I can make a boy wear a dress and do that, but I canít direct him.
I used some of the things I learned when I was working with Nanette. Iíve always wanted to be behind the camera. Iíve made little music videos since I was a kid, so Iím more comfortable with that than being in front of the camera.
DL: Iíve been reading up on what various people in the group have been doing, but Iím curious about what Mitch is doing at this moment.
Mitch: Good question. I am at Indiana University, pre-med. And thatís about it.
Jake: I donít know how to feel about it. I was always kind of comfortable living in Warsaw, having a good knowledge of the community always knowing whatís going on. Now that Iím out in a big city, itís kind of fun to be out where things are always changing, and you never know whatís around the next corner.
DL: How have you felt about being instant celebrities with the Facebook and the Blogspot journals and stuff like that?
Jake: Itís a good chance to get our ideas out there, what few we do have.
Megan and Hannah: Great! Itís OK. The best part is just meeting people, really.
Jake: You get lots of different contacts out here. Thereís potential for jobs later on. Thatís actually what Iím looking forward to the most.
DL: This questionís for Jake. In the film, you talked about how much bad luck you had with girls, but I started counting, and you actually had several dates there. I started counting, and I said, ďI didnít have that kind of luck when I was in high school.Ē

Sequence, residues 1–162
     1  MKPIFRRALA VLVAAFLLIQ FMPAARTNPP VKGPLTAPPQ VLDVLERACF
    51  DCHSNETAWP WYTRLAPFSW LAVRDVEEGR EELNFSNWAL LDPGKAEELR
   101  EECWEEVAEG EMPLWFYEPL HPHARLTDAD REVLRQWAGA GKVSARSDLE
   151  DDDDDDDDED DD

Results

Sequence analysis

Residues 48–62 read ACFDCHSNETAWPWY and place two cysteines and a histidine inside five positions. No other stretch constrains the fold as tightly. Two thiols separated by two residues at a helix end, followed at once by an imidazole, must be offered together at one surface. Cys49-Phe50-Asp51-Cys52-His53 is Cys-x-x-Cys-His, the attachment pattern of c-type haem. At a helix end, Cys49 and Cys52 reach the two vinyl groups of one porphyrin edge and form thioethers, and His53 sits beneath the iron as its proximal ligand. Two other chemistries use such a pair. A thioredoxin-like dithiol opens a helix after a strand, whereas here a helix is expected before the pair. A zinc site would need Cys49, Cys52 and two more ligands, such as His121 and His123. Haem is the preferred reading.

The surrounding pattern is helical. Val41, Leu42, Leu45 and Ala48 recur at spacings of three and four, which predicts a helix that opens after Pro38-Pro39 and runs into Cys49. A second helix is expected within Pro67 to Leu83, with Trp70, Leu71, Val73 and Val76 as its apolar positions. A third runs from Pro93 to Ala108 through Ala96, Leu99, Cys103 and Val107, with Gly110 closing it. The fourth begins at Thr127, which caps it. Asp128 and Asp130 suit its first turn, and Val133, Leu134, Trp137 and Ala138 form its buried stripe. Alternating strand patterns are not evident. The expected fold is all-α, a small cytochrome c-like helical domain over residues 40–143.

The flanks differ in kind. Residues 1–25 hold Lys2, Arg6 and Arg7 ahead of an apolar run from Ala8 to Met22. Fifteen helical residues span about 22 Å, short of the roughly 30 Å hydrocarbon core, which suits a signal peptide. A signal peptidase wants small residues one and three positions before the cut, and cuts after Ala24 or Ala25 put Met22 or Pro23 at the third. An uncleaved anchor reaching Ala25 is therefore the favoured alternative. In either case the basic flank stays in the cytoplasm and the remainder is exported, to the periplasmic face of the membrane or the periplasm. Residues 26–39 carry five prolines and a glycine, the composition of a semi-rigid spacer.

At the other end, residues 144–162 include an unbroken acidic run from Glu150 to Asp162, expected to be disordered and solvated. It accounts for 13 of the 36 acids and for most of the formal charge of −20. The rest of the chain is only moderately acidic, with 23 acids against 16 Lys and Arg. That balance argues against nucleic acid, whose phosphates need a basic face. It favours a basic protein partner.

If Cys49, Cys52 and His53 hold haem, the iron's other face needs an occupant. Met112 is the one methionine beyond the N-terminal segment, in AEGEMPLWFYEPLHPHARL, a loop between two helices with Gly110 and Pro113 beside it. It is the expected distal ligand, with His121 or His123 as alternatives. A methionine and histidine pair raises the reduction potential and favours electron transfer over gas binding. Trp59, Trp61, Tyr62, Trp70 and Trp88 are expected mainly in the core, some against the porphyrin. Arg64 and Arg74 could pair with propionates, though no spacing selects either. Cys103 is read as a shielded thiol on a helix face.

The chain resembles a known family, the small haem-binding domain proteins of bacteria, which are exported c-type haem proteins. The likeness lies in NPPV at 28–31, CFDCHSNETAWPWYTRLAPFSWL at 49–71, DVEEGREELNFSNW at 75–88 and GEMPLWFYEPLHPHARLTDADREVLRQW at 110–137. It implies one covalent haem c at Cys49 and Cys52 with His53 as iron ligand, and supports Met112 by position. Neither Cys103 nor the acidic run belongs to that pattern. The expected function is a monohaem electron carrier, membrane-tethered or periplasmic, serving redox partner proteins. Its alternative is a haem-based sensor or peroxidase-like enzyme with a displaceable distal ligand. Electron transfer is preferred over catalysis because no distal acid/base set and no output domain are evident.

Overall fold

Jake: I think that things were different my senior year probably because all of the people who werenít involved with the movie directly were trying to get into the movie.
I think thatís why Larrin decided to go out with me to begin with. I have a few other opportunities like that with girls I didnít particularly want to get to know. But I figured they deserved as much of a chance as anyone else. I very rarely got the opportunity to go out with someone I wanted to go out with. So I tried to give them the benefit of the doubt and take them out for once.
That happened several times, but it never took off. Actually, my senior year between Molly, the girl I took to the senior semi-formal, and Leslie, the girl who flew in from San Diego, that was the most success I had, at all.
Iím actually in the middle of a two-year dry spell right now. Senior year was kind of strange in that respect.
DL: Had any of you been interested in documentaries before you became involved in this?
Hannah: Iíd watch documentaries occasionally. Not as much as I do now. I had Netflix before I knew Nanette. Iíd get recommendations for documentaries.